ASVAB Scoring Scale

ASVAB Scoring Scale and its Utility

The Armed Service Vocational Aptitude Battery (ASVAB) is an aptitude test designed to assess your ability to join the United States Armed Forces. In order to enlist in military services, you need to fulfill certain basic requirements, one of which is the ASVAB test. After you talk to a recruiter, the first step is to take the ASVAB test. This is why the ASVAB is considered as an important test; because whether you succeed in enlisting or finding yourself a job of your choice and aptitude depends entirely on the outcome of this test. Hence, scoring high in the ASVAB test is of utmost importance.

Determining ASVAB Scores

The ASVAB test is evaluated and scores are computed using an ASVAB scoring scale. The ASVAB scoring scale is based on the scores computed from sub-tests that add up to your Armed Forces Qualification Test (AFQT) score. The AFQT score is calculated from the following four ASVAB sub-tests:

  • Arithmetic Reasoning (AR)
  • Mathematics Knowledge (MK)
  • Paragraph Comprehension (PC)
  • Word Knowledge (WK)

The AFQT scores are reported as percentiles between 1 and 99. The percentile score shows your score in comparison to scores secured by other candidates in that user group. For example, if there's a group of candidates between the age of 18 and 21 who are appearing for the test, your percentile will be calculated in comparison to their AFQT scores. Thus, an AFQT percentile of 70 would mean that you have scored the same as or better than 70% of the candidates in this age group.

The following table lists the score range and the respective AFQT category.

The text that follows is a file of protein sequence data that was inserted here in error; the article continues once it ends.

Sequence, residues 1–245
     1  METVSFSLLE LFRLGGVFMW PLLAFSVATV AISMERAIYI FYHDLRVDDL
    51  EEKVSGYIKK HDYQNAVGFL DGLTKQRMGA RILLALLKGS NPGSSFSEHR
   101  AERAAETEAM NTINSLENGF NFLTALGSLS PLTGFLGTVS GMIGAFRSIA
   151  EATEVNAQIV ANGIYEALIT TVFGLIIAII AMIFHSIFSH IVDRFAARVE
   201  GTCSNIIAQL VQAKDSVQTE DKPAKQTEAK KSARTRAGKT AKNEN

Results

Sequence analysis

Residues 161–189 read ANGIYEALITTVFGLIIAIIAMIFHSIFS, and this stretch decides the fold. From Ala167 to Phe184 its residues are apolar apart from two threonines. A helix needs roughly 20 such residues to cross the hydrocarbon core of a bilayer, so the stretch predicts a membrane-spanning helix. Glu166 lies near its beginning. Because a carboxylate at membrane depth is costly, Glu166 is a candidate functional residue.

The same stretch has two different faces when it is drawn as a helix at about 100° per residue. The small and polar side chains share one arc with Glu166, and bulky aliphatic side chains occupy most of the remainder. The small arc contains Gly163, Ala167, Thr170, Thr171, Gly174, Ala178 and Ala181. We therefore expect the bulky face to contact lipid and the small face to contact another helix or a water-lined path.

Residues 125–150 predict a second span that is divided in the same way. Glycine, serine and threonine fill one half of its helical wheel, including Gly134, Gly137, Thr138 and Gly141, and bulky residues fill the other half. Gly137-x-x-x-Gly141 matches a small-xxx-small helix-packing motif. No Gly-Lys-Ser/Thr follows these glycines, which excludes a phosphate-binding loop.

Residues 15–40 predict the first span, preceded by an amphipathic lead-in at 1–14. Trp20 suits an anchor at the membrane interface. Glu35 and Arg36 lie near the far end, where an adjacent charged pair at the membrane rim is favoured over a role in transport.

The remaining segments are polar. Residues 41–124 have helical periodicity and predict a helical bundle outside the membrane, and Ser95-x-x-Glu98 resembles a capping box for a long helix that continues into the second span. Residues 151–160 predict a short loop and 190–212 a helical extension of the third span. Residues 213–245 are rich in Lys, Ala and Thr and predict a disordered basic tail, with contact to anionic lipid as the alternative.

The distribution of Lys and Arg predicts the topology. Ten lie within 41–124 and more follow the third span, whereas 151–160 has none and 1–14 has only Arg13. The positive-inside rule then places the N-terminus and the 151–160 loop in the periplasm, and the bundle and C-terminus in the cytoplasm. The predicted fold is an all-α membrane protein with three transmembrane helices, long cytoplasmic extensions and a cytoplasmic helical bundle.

AFQT Category Score Range
I 93-99
II 65-92
IIIA 50-64
IIIB 31-49
IVA 21-30
IVB 16-20
IVC 10-15
V 1-9

To understand the ASVAB scoring scale, you first need to compute your ASVAB scores. In order to calculate your ASVAB score, you need to check your score in each sub-test. Add the scores from the four sub-tests that are used to calculate the AFQT score. The average score is approximately 50; thus, if you have a score that is higher, it means that your AFQT scores are better than those of the rest of the candidates who have appeared for ASVAB. Thereafter, to check whether you are eligible for the job of your choice, you need to add the respective sub-tests that make up your composite score. For example, for an administrative job in the Air Force, the scores from the Verbal Expression (Paragraph Comprehension and Word Knowledge) and Mathematical Knowledge are calculated. Therefore, if you do not have a good score in either section, it will be difficult for you to get a job in Administration. To find out about the sub-tests and the computational formula, see

Importance of the ASVAB Score

There are approximately 142 careers in the Armed Forces. Likewise, there are also many applicants who wish to carve a career for themselves in military services. Due to the sheer number of jobs and aspirants, it is important that there be a filtering system to sift the competent candidates; those who have the required skills to join the Armed Forces. Thus, the ASVAB test serves as a stringent assessment system to select the right people for the right job.
The ASVAB scoring scale functions as a grading benchmark for the ASVAB test. The range of scores makes it possible for candidates to score in a particular category, thereby allowing them to qualify for jobs of their choice. The ASVAB scoring scale denotes which branch of the Armed Forces you are eligible for. The Military Occupational Specialty (MOS) score tells the recruiter the kind of job you are capable of performing.

Retaking the ASVAB

If your scores aren't good enough or if you do not qualify for a job of your choice, it is better to appear for a retest. If you are appearing for the second time, you can retake the ASVAB test after a month or 30 days. However, if you have already appeared for the ASVAB test twice, you will be able to retake the test only after a span of six months.

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